MGM Resorts says Las Vegas shooter Stephen Paddock acted “normal” in the days leading up to the October 1 mass shooting that killed 58 people at an outdoor country music concert on the Strip.
More than an hour of surveillance video from Mandalay Bay was released this week by the casino company in hopes of persuading a skeptical public that MGM Resorts failed to detect and intervene a madman from setting up a firing perch in his 32nd-floor suite.
At 10:05 pm local time on the night of October 1, Paddock began shooting from his broken windows down on the Route 91 Harvest music festival below. The gunman fired over 1,100 bullets with semi-automatic rifles equipped with bump stocks for ten minutes before committing suicide.
Law enforcement officers found 24 firearms inside the hotel room, and a large quantity of remaining ammunition.
In the surveillance, Paddock is seen checking into Mandalay Bay on September 25 at the VIP front desk with what appears to be only a computer bag.
However, later that day, Paddock pulls up to the valet in a minivan and is assisted by a bellman who unloads several large trunks onto a cart. The two use a service elevator to transport the items to the 32nd floor.
Surveillance shows Paddock entering the resort with more luggage in the subsequent days.
Along with the 58 people who lost their lives, the deadliest mass shooting in modern US history injured a total of 851, with 422 hit by a bullet. Paddock’s motive remains unknown.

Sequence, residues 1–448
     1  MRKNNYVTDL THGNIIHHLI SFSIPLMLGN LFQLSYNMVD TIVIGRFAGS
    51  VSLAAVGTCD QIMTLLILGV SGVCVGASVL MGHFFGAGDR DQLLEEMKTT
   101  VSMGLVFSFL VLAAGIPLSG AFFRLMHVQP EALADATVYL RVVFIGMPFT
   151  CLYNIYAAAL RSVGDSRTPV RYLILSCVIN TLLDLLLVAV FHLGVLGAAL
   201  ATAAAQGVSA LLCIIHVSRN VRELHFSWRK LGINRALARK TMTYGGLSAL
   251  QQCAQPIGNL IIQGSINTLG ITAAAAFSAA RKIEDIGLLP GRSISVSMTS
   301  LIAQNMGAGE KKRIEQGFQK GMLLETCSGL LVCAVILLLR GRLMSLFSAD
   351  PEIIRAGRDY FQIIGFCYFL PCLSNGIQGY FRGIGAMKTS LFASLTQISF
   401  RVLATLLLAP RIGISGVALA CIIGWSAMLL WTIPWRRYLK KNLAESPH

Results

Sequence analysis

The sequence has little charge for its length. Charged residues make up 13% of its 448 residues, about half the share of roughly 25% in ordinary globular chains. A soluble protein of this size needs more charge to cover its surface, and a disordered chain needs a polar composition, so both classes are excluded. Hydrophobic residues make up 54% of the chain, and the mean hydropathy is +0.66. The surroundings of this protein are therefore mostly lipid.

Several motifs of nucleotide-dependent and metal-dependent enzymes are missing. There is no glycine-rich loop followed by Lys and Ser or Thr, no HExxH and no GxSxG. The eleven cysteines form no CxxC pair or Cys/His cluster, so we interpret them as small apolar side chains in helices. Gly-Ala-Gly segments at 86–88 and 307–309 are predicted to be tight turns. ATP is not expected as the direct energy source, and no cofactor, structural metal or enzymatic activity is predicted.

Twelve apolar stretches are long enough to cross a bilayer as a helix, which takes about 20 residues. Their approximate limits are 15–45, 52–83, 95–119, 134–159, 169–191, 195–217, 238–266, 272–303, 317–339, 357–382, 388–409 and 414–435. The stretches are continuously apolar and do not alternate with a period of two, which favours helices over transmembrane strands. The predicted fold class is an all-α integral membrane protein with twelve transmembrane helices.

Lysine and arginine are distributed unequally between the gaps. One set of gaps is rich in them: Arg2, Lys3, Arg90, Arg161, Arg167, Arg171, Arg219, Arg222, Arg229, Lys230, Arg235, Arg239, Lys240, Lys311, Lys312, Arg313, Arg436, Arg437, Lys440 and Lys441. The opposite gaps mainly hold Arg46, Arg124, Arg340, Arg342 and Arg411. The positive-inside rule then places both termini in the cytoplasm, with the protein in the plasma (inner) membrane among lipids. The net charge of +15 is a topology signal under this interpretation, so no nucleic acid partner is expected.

MGM on Defensive
MGM Resorts says the surveillance video displays no anomalies in Stephen Paddock’s behavior. Known for playing high-stakes video poker, Paddock was a Las Vegas regular and valued customer at multiple Strip properties.
“In interest of providing greater context around Stephen Paddock’s actions in the days leading up to October 1, MGM Resorts has released these security videos,” the company said in a statement.
“As the security footage demonstrates, Stephen Paddock gave no indication of what he planned to do and his interactions with staff and overall behavior were all normal,” MGM declared.
The statement concluded, “MGM and Mandalay Bay could not reasonably foresee that a long-time guest with no known history of threats or violence and behaving in a manner that appeared outwardly normal, would carry out such an inexplicably evil, violent and deadly act.”
MGM critics feel that casino security should have investigated why a single occupant was bringing so much luggage into his hotel room.
Larry Barton, a former FBI Academy and US Marshals Service instructor, opined last week that Metro Police was inadequately trained to respond to such an event. The security and crisis management expert also questioned how well casino staff and security personnel are trained.
“Ammo is heavy,” Barton said of Paddock’s luggage. “If you lost someone in that tragedy, or you or someone you care about was wounded, you’d have a question about that service elevator and whether a guest should be able to use it.”
Barton added that Las Vegas must remain on high alert, because there are unfortunately more Stephen Paddock’s out there. “These are not going away,” he declared.